Former Residents of a torn-down, historic mansion
are now enthusiastic patrons in spirit form!
The former master is a kind, helpful spirit and gets his chuckles in fun ways.
HISTORY & DESCRIPTION
Like many theatres of the time, there is an entrance area, a stage, a screen for films when needed, an orchestra pit, a large auditorium for seats, a back stage area and a balcony area.
This lovely turn of the century grand old Theatre was built between 1909 – 1914, where plays and cultural events entertained the people of Charleston, West Virginia. It continued to offer the best in the cultural arts (perhaps films as well?) through the depression, through WWII, all the way through the ’50s, ’60s ’70s. This impressive theatre was honored to be placed on the National Register of Historic Places.
It was closed for a while because of needed repair and restoration. This theater was sold to the state to be used by the West Virginia State University’s drama, film, music programs for their students and for the cultural arts needs of the community at large.
The Capitol Plaza Theatre was restored to its former beauty, and was renamed The Capitol Center.
Besides student productions, such artists as Tori Amos, R.E.M. and other well-known musicians perform here. Various film and music festivals hold their annual events at this theatre as well.
HISTORY OF MANIFESTATIONS
While theatres have the habit of attracting ghostly admirers of the cultural arts, some entities tragically die in the theatre or nearby in the immediate neighborhood, or some entities are hangers-on from the building or place that was torn down to make way for the theatre in question to be built.
The family of ghosts who make the Capitol Plaza Theatre (The Capitol Center) their home originated from the grand 1798 mansion that was torn down to make the land available to build this theatre. A wealthy Welch businessman built the mansion which would be the family home for 110 years!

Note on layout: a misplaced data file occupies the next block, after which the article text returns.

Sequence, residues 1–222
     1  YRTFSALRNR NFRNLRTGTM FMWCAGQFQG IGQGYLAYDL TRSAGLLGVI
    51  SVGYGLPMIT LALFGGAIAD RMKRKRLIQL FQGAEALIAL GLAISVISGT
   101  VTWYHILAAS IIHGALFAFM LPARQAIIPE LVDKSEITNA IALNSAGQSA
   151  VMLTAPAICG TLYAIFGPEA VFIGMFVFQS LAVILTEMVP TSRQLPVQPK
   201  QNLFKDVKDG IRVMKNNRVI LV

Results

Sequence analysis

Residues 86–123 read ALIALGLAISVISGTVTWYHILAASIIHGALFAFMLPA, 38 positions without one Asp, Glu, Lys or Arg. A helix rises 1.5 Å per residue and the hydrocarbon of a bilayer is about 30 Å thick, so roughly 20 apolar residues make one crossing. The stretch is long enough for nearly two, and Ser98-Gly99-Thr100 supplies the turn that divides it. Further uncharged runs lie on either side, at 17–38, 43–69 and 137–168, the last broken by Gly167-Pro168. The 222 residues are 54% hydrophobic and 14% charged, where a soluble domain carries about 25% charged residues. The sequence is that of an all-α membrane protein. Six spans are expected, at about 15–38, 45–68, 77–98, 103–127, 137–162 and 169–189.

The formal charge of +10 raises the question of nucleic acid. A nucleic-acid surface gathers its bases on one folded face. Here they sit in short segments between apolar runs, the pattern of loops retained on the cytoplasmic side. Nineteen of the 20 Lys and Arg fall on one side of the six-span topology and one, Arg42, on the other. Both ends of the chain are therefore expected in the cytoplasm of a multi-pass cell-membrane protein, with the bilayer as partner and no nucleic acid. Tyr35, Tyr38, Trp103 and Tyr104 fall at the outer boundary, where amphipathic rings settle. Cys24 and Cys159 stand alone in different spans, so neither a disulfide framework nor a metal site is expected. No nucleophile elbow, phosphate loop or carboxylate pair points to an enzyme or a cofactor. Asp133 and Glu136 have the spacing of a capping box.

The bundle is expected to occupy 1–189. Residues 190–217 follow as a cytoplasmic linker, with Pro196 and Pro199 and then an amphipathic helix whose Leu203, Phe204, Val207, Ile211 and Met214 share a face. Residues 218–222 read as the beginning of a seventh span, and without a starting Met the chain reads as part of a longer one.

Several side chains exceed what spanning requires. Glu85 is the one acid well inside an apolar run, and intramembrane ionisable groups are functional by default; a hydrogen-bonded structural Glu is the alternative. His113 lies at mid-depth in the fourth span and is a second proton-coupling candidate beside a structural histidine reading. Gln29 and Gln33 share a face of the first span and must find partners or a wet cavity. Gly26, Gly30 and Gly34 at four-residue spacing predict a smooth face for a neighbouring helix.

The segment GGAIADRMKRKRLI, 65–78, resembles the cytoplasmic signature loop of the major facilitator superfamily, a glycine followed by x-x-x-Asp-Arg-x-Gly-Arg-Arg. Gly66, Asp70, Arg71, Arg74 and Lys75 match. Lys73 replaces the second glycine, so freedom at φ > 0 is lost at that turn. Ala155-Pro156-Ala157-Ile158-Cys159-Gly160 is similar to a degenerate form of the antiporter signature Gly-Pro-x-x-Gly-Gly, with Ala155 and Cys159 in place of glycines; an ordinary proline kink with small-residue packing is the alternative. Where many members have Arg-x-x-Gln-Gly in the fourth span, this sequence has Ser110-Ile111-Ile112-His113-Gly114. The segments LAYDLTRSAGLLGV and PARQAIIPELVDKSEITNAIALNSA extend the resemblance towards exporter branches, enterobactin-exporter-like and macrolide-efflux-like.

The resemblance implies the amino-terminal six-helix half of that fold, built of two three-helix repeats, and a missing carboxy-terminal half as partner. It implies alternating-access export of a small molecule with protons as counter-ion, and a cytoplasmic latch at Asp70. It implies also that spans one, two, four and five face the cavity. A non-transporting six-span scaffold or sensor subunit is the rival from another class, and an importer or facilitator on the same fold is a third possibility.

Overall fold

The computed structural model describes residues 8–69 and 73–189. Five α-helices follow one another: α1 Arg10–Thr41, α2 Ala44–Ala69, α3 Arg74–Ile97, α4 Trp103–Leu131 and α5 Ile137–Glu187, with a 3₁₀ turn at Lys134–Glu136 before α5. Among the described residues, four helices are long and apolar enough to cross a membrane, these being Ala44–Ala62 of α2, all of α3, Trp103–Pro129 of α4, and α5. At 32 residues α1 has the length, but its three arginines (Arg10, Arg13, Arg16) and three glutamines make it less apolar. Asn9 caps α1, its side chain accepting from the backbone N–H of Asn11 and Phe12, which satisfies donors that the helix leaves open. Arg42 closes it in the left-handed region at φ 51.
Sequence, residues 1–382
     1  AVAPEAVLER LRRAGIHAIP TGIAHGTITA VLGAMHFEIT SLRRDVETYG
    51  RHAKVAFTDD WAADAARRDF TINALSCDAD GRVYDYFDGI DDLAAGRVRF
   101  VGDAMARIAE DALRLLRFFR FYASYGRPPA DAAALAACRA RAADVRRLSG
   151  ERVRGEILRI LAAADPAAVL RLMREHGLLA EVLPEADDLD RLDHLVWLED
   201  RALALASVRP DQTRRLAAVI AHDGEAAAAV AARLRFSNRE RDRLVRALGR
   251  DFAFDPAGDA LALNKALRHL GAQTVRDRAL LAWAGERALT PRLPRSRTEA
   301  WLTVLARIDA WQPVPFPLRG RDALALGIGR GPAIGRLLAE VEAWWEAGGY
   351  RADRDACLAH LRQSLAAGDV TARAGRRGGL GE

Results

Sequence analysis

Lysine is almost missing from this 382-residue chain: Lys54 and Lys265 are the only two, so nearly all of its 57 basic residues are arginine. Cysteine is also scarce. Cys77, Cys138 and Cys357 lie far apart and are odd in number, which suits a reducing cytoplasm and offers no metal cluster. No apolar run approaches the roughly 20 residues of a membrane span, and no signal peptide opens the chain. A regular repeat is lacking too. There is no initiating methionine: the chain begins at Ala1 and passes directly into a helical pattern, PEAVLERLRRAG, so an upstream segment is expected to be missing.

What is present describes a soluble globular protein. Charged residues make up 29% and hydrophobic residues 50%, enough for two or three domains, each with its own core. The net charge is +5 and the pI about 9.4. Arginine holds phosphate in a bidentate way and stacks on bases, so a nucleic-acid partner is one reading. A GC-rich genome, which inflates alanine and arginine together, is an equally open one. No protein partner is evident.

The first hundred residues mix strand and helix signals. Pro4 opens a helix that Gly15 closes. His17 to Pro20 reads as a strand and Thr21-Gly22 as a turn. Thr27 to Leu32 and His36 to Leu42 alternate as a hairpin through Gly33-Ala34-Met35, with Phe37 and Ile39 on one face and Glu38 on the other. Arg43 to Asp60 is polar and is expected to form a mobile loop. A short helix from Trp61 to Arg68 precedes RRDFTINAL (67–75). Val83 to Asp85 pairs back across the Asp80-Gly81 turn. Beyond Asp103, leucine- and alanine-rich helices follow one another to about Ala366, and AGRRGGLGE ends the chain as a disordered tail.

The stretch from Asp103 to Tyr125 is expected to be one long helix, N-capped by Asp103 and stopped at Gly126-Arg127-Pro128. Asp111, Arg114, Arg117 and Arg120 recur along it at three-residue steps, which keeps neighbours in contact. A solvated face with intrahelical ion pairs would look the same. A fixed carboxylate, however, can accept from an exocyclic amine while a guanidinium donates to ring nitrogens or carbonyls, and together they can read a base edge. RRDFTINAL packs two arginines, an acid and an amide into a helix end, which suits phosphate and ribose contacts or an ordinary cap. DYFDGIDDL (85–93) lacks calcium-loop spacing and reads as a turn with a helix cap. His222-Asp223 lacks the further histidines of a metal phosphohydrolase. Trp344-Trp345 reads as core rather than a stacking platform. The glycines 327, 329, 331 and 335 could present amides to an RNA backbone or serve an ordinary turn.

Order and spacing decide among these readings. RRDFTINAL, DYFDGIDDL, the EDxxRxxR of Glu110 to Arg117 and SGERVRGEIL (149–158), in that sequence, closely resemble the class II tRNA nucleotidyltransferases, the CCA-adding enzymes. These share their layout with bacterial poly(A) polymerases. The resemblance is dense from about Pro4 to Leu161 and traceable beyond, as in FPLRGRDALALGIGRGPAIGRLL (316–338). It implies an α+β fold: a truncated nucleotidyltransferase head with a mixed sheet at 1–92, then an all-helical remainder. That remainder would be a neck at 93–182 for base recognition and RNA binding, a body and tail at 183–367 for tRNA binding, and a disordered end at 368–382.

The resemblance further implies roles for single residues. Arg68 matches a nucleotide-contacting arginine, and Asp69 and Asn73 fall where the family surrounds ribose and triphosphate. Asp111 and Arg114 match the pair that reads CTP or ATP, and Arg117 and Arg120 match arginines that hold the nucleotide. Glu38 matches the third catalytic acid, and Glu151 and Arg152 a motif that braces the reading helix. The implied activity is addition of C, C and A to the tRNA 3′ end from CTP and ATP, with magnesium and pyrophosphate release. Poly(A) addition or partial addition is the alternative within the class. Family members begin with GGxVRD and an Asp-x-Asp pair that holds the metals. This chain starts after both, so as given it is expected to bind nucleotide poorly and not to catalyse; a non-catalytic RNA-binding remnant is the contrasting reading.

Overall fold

His son, John Welch raised his own family in this mansion during the 1830 – 1860 time period. His 8 year old daughter, the youngest child in the family, died of pneumonia in 1840. Not much is known what happened to the Welch family during the Civil War, but they managed to keep the mansion until for some reason they sold it to developers around 1908, who tore it down to make room for the theatre.
John Welch and his youngest daughter, and perhaps some of the other Welch family members have made the Capitol-Plaza Theatre their home. None of the material I’ve read say when the Welch clan made their appearance known.
John Welch is the most active entity felt and seen at the theatre.
John Welch doesn’t hold a grudge and is protective of the theatre and looks after the performers as well. As one enters the theatre itself, there is sometimes a chilling cold spot, which could be John Welch checking out the patrons.
For chuckles, John Welch likes to play tricks on the living, sometimes being sneaky and covert to mess with people’s view of reality. He is a jokester but not mean in temperament.
Molly Welch – 8 year old, youngest of the Welch children.
She is described as being shy, but she loves the theatre. When an actor or actress is on stage, the apparition of Molly can be seen sitting in the front row of the balcony.
123 Summers Street
Charleston, West Virginia 25301
This Historical Landmark, Capitol Plaza Theatre is located in downtown Charleston, in the older section of town.
Directions to the Capitol Center From I-77 & I-79 South: – Exit at the Civic Center Exit (58C). This puts you on Penn. Avenue Turn left onto Lee Street. Turn right on Summers Street. Theater is just beyond the intersection of Summer and Quarrier Streets.
Our Haunted Paranormal Stories are Written by Julie Carr